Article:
ML: There were certainly a number of Cold Chisel fans who saw things from the Jimmy Barnes perspective, working class men who became wild things on saturday nights when they weren't home and broken hearted. They had never before had Georgia on their minds, children called Janelle (or Danielle) or girls with names like Rosaline (or Rosie). As with Midnight Oil, the audiences of both bands were as diverse as they were immense. This is to be expected when your pub rock bands are made up of musicians with university degrees in quantum mechanics, law and architecture.

ILYOS: In regards to both bands, how do you feel the records stand up to the live performance? Especially the early records. The Oils’ first album and I think Chisels' first two were both criticised at the time for not capturing the live energy, but I think both stand up well. It was a common criticism - early Sports and Jo Jo Zep & The Falcons both copped it. There was an expectation at the time that Australian bands couldn't be captured in the studio. It was odd. I think it was maybe because we didn't see as many o/s bands here back then. People thought that the local bands sounded differently on record to what they did live and maybe didn't realise that overeas bands did too. Thoughts?

ML: I think all the Australian bands from that era could play live, but good record producers were rare. Skyhooks raised the bar in this area, Living in the 70s sounded as good as anything from overseas at the time and they worked to replicate this sound onstage. But, for most bands, the opposite was the case. They were great live and average on record. Cold Chisel gave it their best shot on the first album, nearly destroyed a producer (and their own enthusiasm) on the second and did not find it 'till the third record, by which point they had been playing for seven years. Midnight Oil's first record captures some of the energy, but the power is absent. It was their first record: little money, little experience, maximum enthusiasm. The recently issued remaster is a huge improvement. 

ILYOS: Who are the great unsung pub bands of the era you think deserving of rediscovery?

ML: Taste (the Melbourne band, with Vigil Donati on drums) made a couple of great albums that sit between Queen/Sweet/Zeppelin and deserve remastering and CD release.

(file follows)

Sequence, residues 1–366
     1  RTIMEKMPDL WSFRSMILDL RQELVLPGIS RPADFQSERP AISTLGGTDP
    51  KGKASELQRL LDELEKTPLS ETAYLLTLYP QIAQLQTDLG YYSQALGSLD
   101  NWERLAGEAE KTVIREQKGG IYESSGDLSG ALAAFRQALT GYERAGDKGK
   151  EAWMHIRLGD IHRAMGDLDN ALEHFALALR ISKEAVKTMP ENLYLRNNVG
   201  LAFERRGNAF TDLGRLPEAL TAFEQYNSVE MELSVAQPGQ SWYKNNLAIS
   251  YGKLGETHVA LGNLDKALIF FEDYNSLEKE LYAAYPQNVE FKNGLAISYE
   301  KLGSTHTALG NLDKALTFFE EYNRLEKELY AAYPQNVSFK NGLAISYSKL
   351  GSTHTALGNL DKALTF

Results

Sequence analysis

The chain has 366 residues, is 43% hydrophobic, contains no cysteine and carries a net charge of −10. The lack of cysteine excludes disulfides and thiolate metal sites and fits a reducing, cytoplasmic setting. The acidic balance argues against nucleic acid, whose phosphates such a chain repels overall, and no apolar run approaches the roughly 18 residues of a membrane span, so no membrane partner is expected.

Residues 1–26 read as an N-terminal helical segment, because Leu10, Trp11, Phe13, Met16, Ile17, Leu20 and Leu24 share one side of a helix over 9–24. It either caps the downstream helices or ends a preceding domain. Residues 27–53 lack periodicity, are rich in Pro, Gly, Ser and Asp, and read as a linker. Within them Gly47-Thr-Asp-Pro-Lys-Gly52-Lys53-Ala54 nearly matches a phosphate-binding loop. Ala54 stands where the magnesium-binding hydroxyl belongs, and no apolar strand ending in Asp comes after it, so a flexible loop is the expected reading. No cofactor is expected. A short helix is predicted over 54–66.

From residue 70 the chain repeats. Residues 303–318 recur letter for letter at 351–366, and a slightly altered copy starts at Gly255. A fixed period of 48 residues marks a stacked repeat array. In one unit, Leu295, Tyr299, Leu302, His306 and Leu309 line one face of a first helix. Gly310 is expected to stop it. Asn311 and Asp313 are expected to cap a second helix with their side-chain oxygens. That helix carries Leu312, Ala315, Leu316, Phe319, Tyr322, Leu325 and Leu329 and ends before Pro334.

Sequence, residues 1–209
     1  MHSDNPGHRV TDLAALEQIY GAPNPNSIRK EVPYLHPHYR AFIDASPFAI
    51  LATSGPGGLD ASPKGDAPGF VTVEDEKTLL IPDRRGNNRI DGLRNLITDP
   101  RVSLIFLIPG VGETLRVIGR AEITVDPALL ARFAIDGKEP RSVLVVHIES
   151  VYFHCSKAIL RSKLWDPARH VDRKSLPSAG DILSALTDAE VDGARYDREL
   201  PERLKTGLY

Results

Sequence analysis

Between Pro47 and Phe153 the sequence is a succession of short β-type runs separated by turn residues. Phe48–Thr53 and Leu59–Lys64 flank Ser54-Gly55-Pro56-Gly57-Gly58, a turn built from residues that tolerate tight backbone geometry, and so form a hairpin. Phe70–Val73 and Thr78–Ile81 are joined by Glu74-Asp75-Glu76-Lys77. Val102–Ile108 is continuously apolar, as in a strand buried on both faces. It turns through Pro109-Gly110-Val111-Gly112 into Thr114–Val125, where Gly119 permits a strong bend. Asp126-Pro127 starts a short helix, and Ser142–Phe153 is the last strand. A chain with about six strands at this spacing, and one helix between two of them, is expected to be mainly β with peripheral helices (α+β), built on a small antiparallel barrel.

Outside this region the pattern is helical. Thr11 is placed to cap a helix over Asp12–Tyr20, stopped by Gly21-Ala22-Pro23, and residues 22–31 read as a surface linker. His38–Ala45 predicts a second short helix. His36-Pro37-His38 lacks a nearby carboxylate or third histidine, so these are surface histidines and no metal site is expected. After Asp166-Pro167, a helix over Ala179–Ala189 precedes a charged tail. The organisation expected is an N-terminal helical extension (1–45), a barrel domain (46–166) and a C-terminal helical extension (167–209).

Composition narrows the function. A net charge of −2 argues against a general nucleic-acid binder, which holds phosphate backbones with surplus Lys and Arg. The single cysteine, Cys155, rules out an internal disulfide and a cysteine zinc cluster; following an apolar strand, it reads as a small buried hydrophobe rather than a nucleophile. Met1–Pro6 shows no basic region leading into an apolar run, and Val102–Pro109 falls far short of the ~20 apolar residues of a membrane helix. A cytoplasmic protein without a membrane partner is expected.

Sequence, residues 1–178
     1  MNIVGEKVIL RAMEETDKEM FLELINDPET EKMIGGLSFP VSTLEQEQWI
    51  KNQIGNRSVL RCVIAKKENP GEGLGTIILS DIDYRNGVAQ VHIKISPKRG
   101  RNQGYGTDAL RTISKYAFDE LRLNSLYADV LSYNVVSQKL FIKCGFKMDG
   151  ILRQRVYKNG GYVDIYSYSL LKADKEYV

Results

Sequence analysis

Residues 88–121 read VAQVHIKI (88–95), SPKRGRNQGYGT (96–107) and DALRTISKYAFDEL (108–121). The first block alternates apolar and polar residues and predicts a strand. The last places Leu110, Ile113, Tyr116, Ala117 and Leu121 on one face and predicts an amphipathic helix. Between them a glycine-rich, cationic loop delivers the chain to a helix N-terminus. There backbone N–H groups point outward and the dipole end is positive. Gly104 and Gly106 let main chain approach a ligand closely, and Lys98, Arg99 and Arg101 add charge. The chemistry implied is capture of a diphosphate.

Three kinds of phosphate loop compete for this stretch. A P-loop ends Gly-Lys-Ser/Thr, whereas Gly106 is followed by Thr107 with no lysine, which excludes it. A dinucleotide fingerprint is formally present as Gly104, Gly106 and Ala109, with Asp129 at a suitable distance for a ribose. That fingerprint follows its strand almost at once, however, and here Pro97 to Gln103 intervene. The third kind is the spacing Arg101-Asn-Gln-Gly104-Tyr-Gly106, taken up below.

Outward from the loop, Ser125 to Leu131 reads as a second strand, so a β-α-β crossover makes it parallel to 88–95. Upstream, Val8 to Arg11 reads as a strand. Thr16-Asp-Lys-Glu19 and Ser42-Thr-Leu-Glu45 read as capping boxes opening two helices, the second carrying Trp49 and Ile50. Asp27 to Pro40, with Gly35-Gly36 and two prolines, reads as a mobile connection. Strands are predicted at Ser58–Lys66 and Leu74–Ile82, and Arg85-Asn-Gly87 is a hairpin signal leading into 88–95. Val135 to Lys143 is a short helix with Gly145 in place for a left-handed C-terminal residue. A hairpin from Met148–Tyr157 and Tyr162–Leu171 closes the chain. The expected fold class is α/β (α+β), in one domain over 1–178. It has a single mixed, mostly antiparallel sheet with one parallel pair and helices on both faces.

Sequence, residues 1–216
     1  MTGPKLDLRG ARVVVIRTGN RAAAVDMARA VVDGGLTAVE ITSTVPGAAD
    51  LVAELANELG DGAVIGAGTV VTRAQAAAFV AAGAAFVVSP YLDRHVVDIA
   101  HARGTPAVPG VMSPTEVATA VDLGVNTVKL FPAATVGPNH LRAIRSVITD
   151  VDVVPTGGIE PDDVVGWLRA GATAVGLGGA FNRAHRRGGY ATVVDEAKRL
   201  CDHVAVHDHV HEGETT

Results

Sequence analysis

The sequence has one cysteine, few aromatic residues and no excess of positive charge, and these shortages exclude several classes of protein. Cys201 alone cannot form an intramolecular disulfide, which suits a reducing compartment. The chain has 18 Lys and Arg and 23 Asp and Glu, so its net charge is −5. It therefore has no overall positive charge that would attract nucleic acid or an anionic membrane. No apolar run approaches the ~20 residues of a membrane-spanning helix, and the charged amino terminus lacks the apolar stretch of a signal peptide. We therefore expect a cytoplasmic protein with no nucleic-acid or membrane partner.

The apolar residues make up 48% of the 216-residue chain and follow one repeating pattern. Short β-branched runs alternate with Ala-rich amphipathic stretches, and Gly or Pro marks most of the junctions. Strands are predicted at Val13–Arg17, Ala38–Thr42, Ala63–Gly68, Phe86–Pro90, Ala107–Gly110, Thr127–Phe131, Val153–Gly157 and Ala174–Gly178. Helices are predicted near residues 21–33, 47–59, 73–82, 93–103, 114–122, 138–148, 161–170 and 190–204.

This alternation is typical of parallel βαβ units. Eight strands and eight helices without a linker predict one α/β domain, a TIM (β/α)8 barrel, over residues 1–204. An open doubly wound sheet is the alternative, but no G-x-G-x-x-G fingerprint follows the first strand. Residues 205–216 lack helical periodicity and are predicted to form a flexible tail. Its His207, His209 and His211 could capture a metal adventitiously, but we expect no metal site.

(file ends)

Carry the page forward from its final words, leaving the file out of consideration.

Sweet Jane were also a great band, female vocals, female guitarist (Chris Bonacci I think her name was) who left Australia to join Girlschool in the U.K. Sweet Jane had great original material and did the odd cover from Thin Lizzy or Led Zeppelin. 
The Young Lions, formed by former Finch/Skyhooks guitarist Bob Spencer before he joined The Angels.
Stars, but they are nowhere near as 'forgotten' as the previous bands.
Redhouse, John Dallimore's band.
Kevin Borich, always a world class guitarist, a remastered compilation would be wonderful.
V.Spy.v.Spy, there's a lot of love out there for these guys, they are hard to find on CD now and nothing has been remastered.
The Clowns of Decadence, a unique Adelaide band from a little later on.
Matt Finish, a remastered CD of any sort would be great. (Editor’s note – check out drummer Matt Finish drummer John Prior’s site here)
The Vasco Era, from not so long ago. Played with an energy only seen in a few, far more well known bands.

ILYOS: Any more books planned?

ML: See top answer!

ILYOS: Could you give me a list of you top 11 Aussie pub rock tracks?

ML: These are all rockers, so I guess I'm thinking last couple of songs for the night in the pub rock set:
Stand in Line - Midnight Oil (Live from JJJ 1981) Stood in line many a time to hear this.
Boys Will Be Boys - Taste
Take A Long Line - The Angels
Run to Paradise - Choirboys
Star Hotel (live) - Cold Chisel
Don't Tear It Down - v.Spy.v.Spy. There's a theme here. Saw these guys tear up many a pub.
Boys In Town - Divinyls
All Torn Down - The Living End
Evie - Stevie Wright
The Real Thing - Russell Morris. Used to see bands Russell took on the road from 79-83 and he would often finish with The Real Thing or play it as an encore.
Baby Please Don't Go - AC/DC. Never saw them in a pub, though I recall them playing the local High School. This was their set closer for nearly all of the Bon era.

Thanks Michael!

Both Midnight Oil: The Power & The Passion and Cold Chisel: Wild Colonial Boys are published by Melbourne Books and available from their website. While you’re there check out other great books on the Mick Thomas from Weddings Parties Anything (brand new – we’ll feature that shortly), the Dingoes, Capt Matchbox Whoopee Band, Diana Trask, Jeff Duff, the Seekers and others.